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Personal Statements

October 13th, 2014

Between the stresses of exams, the pressures of extra curriculars, and trying to maintain some sort of sanity and social life, students don’t really have a whole lot of time to be thinking about their personal statements. But this is vital for university applications. It’s the only opportunity you get to really sell yourself. These days, grades are only a fraction of what universities are interested in. They’re much more concerned with what kind of a person you are out of school. Are you involved in your local community? Can you prove you’re dedicated? Are you good at keeping your life balanced and taking on extra responsibilities?

Universities love to see all of these things. Obviously, school has to come first; but if you have the opportunity to pursue your passion, grab it! They especially like it when you can relate skills you’ve learnt from these experiences to your course. For example, if you want to study Chemistry, apply for the Salter’s Chemistry Camps. Biology? The Royal Zoological Society of Scotland hosts a summer science school annually at Edinburgh Zoo and the Highland Wildlife Park. If you want something more low-key, why not get involved in a school committee? Nobody wants a couch potato, so show them you have a good work ethic. If you can’t find any jobs in your area, start volunteering at a charity shop; they can always do with more people. When it comes to actually writing the personal statement, a lot of people are at a loss of how to start. So here are some tips:

1. Brainstorm. Don’t just start writing, you’ll get jumbled up. Get organised and jot down everything you do – in and out of school.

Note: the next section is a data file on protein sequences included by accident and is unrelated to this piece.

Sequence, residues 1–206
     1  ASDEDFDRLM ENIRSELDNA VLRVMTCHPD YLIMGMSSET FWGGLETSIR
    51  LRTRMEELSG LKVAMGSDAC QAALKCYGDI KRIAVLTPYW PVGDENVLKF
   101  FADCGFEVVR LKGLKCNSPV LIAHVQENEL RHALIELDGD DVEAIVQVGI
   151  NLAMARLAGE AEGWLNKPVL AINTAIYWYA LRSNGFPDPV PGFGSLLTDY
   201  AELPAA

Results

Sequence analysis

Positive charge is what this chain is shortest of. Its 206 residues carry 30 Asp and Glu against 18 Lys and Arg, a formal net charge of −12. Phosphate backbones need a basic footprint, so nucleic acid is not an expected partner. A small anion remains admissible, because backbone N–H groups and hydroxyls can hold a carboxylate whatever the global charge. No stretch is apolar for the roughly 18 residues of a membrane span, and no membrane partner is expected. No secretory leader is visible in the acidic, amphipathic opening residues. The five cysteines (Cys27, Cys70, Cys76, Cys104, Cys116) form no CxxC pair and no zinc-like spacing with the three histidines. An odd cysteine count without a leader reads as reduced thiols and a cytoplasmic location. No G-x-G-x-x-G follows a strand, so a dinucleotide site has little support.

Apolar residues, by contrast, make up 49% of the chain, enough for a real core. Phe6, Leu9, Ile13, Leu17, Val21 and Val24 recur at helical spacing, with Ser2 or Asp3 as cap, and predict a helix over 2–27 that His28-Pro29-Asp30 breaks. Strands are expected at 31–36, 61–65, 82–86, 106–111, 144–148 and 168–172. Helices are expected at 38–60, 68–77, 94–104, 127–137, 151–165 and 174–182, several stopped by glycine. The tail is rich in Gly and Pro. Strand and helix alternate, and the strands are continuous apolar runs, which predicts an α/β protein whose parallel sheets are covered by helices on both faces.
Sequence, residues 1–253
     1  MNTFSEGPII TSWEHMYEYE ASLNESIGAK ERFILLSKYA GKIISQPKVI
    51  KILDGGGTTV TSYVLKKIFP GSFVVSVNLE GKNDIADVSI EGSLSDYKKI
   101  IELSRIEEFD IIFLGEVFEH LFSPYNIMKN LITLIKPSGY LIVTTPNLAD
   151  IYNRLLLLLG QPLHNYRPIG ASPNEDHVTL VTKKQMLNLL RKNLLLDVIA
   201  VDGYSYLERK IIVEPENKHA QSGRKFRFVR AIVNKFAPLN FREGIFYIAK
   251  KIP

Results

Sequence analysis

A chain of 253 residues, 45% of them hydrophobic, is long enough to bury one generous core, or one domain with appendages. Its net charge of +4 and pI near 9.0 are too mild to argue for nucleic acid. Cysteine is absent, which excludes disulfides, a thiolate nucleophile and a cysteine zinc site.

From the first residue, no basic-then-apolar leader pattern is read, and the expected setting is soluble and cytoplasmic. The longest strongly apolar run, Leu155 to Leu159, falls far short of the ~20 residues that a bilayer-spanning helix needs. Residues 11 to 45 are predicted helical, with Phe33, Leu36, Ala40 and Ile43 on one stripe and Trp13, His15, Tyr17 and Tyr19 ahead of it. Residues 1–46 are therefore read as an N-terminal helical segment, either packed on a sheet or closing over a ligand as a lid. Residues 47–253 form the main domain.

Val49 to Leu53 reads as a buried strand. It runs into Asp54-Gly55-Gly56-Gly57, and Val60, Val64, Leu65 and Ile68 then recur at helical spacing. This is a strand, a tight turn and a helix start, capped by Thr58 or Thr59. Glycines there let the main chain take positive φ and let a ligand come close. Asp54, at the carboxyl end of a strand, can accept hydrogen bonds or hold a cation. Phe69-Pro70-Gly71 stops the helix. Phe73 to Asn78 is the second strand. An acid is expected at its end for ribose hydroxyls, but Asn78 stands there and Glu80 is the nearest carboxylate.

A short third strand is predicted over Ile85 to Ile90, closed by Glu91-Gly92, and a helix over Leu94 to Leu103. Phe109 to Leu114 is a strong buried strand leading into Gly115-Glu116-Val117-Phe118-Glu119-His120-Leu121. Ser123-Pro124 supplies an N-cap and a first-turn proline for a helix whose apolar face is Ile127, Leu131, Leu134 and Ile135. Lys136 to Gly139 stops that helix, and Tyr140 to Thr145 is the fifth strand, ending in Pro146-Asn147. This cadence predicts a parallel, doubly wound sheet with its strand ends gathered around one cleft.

2. Look at examples. Check online for personal statements people have already sent to universities; particularly if you can find ones on your course. Be careful not to plagiarise though.

3. Speak to your parents and teachers. Despite thinking they’re a bunch of old fuddy-duddies, they can actually have useful tips and information. They might also think of something you’ve missed out.

4. Come up with a great opening line. First impressions really do count. Don’t use the standard ‘I am interested in studying Journalism because…’

5. Check over it. Your first draft should never be your last. Leave it for a while, and then check it later with fresh eyes. Ask friends and family for suggestions.

6. Always look for things to add. If you’re convinced there’s nothing to do in your area, Google it. There are plenty of opportunities out there, but you can’t expect them to land on your doorstep. Be a go-getter. The most important thing about a personal statement is in the name. Personal. Make sure you reflect your personality. Good luck!

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